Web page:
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Physiol Meas. 2008 Nov;29(11):1267-80. doi: 10.1088/0967-3334/29/11/003. Epub 2008 Oct 9.

Determining carotid artery pressure from scaled diameter waveforms: comparison and validation of calibration techniques in 2026 subjects.

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  • 1IBiTech-Cardiovascular Mechanics and Biofluid Dynamics, Ghent University, De Pintelaan 185 (Blok B), B-9000 Gent, Belgium.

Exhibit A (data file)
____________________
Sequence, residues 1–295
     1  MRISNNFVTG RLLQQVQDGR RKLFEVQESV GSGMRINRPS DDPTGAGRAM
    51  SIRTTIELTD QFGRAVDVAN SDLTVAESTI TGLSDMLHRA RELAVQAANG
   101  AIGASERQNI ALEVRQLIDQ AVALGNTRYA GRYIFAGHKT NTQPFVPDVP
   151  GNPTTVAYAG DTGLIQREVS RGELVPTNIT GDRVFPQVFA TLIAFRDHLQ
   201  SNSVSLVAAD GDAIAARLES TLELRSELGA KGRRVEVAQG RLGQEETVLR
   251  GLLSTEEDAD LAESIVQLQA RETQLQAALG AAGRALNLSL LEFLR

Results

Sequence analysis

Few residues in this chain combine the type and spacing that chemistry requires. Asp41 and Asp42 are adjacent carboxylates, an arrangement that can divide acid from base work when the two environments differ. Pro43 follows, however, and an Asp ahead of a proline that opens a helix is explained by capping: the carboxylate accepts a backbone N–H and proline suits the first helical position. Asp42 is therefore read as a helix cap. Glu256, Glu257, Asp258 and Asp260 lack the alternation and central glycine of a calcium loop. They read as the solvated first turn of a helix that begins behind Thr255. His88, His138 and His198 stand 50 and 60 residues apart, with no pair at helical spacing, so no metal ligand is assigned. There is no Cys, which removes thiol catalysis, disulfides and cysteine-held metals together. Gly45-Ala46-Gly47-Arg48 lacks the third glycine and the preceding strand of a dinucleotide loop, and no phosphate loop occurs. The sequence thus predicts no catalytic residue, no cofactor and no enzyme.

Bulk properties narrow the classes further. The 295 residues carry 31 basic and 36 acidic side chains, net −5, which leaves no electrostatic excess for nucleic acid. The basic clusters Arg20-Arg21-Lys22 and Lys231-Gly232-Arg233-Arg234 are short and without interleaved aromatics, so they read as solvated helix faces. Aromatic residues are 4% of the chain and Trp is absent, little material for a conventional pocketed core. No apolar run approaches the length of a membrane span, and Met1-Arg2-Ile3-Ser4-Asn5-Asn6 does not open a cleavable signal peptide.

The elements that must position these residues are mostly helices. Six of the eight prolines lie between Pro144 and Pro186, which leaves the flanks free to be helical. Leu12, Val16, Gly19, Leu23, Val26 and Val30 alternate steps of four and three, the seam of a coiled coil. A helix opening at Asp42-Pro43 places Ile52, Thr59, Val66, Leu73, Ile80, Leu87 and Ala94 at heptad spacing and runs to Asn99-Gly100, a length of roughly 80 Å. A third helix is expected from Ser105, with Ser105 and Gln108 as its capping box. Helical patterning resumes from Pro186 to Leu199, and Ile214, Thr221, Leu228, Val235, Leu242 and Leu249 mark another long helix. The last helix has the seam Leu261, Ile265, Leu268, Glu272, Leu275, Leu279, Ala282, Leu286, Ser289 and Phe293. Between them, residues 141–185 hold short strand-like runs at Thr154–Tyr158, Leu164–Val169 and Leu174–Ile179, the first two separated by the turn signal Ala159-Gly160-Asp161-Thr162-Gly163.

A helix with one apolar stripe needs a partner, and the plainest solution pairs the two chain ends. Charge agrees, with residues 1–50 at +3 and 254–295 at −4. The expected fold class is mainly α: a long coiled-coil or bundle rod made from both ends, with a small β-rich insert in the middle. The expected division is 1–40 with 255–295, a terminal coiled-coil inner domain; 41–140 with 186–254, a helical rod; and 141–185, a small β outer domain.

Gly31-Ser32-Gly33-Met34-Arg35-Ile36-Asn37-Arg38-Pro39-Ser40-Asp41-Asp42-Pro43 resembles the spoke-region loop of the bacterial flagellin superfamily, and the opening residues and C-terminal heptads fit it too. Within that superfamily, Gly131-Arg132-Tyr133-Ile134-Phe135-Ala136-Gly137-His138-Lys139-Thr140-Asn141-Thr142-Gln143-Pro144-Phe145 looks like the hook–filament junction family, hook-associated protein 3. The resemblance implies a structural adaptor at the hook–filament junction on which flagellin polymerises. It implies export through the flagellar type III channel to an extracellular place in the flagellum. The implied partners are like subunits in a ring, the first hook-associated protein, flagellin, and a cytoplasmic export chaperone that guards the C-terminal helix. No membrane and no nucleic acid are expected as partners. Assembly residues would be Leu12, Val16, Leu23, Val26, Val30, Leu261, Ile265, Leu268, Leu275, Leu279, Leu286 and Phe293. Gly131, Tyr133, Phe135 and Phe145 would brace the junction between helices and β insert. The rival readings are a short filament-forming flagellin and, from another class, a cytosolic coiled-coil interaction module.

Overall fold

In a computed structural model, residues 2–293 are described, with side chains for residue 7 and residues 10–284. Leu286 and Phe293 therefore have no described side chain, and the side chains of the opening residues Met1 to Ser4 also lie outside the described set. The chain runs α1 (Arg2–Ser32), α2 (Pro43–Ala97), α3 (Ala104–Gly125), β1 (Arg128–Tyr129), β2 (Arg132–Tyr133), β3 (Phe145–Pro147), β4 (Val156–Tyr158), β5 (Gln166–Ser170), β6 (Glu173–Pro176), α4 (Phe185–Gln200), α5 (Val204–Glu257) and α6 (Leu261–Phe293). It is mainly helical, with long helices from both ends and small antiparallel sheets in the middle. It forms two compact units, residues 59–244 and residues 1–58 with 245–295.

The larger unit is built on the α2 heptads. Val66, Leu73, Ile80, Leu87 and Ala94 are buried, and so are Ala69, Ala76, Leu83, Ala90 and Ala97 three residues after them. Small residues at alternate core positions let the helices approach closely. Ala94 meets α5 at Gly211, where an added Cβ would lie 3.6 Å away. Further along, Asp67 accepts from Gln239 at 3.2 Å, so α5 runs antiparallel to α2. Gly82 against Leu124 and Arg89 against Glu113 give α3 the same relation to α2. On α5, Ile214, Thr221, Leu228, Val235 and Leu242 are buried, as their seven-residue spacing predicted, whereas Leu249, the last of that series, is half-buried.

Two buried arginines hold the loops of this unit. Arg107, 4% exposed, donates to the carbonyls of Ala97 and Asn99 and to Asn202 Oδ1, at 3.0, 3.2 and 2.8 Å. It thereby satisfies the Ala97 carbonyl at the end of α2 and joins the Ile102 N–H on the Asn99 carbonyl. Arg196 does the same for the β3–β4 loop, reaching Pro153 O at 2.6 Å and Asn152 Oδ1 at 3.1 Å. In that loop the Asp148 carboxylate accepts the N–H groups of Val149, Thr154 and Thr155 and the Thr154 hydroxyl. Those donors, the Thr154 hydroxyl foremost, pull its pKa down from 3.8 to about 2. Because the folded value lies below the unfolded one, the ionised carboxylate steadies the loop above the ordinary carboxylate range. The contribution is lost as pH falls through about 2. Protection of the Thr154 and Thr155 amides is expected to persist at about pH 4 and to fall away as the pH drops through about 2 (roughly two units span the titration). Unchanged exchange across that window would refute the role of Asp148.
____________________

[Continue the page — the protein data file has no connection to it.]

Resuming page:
Calibrated diameter distension waveforms could provide an alternative for local arterial pressure assessment more widely applicable than applanation tonometry. We compared linearly and exponentially calibrated carotid diameter waveforms to tonometry readings. Local carotid pressures measured by tonometry and diameter waveforms measured by ultrasound were obtained in 2026 subjects participating in the Asklepios study protocol. Diameter waveforms were calibrated using a linear and an exponential calibration scheme and compared to measured tonometry waveforms by examining the mean root-mean-squared error (RMSE), carotid systolic blood pressure (SBPcar) and augmentation index (AIx) of calibrated and measured pressures. Mean RMSE was 5.2(3.3) mmHg (mean(stdev)) for linear and 4.6(3.6) mmHg for exponential calibration. Linear calibration yielded an underestimation of SBPcar by 6.4(4.1) mmHg which was strongly correlated to values of brachial pulse pressure (PPbra) (R = 0.4, P < 0.05). Exponential calibration underestimated true SBPcar by 1.9(3.9) mmHg, independent of PPbra. AIx was overestimated by linear calibration by 1.9(10.1)%, the difference significantly increasing with increasing AIx (R = 0.25, P < 0.001) and by exponential calibration by 5.4(10.6)%, independently of the value of AIx. Properly calibrated diameter waveforms offer a viable alternative for local pressure estimation at the carotid artery. Compared to linear calibration, exponential calibration significantly improves the pressure estimation.

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